By - CTL
February 21, 2018


By Mike Canavan.

If you’ve been in the advertising, production, marketing, media, sales, television or the radio business over the past forty or so years, there is little or no doubt that you have enjoyed the hospitality of Lance Wong, the Host and owner of the Malaya Restaurant.

Yesterday, we said farewell to one of the greats of the restaurant industry. Lance Wong: 16 August 1959 – 5 February 2018. He leaves his wife, Givie, Duan and Isabella, their children, along with a legion of loyal family, friends, and diners.

At a time when Sydneysiders thought Asian food meant sweet and sour or lemon chicken, the Malaya arrived to prove otherwise.

”I can remember my father was worried if the food would be accepted by the public,” said Lance. ”It took a few years, but eventually it caught on.”

We first started going to the Malaya when his father Wong Tai See, was trading at the southern end of George Street near Central Railway, and Lance was a waiter on the floor; learning the trade and wooing the customers with his mercurial charm. In later life he was always the most gracious of hosts. In the 80’s Lance took more of a management role however, The Malaya’s true metamorphose came later in the 90’s.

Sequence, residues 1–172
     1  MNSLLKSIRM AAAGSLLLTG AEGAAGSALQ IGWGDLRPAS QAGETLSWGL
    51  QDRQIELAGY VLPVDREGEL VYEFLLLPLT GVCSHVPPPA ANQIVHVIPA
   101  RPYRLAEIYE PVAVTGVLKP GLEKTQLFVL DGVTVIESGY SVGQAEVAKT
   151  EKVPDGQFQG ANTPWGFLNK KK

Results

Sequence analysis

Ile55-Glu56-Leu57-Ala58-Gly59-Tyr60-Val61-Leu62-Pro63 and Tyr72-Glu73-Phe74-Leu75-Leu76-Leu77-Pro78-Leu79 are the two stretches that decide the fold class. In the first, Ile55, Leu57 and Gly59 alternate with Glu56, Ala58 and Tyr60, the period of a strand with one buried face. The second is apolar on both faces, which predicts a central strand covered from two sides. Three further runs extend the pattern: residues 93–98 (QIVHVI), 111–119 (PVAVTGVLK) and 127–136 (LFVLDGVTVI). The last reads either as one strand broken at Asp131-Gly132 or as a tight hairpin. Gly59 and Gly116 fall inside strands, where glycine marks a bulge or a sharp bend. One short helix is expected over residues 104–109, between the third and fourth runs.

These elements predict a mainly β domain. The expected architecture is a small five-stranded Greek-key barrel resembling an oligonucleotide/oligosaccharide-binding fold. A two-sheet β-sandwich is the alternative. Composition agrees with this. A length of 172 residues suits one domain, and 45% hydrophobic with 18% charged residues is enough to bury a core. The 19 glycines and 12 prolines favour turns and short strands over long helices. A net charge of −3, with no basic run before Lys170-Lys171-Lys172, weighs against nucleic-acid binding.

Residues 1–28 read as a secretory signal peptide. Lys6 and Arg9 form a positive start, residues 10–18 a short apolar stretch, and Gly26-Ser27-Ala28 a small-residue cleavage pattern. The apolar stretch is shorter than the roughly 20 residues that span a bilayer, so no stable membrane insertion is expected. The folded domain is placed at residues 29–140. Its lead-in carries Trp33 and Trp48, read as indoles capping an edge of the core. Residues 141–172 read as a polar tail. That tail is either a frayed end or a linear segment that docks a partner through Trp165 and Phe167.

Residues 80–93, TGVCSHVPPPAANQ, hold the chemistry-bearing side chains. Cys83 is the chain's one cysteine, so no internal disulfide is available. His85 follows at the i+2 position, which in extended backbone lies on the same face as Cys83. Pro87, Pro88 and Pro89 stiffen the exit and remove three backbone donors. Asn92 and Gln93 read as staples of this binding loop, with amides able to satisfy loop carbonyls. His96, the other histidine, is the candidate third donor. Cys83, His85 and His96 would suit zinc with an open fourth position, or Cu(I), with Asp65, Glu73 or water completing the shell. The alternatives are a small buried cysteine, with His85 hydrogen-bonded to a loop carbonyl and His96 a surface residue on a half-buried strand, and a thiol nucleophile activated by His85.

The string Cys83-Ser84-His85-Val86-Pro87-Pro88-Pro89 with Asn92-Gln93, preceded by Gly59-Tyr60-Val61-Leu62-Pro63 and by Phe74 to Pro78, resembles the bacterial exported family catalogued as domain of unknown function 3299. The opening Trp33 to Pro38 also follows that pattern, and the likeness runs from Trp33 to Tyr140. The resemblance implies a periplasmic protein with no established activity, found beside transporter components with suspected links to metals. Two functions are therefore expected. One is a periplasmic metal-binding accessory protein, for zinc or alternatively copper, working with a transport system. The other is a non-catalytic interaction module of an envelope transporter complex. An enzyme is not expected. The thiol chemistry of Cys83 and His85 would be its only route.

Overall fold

Lance and his wife Givie took over the business in 1996 and moved it to its present location in a glass-fronted building on King Street Wharf.

Whilst the move to King Street wharf was a bold one, and there were many who doubted if it was altogether wise, Lance’s prescient that was soon rewarded.  He was always positive and visionary.

The new venue quickly attracted many new and loyal followers. Most of the old gang, the advertising, marketing, production, and media drunks, together with students, crooks, journalists, bankers and detectives, found their way to this new underdeveloped part of the city, to break bread at Lance’s table. The Malaya was a mixing pot of the city’s food and culture.

‘We’ve always been true to our food,” Lance would say. ”Our Malay and Indonesian flavours haven’t changed. We have customers that have been coming in for 50 years and they still eat the same dishes.”

Farewell Lance, you will truly be missed.

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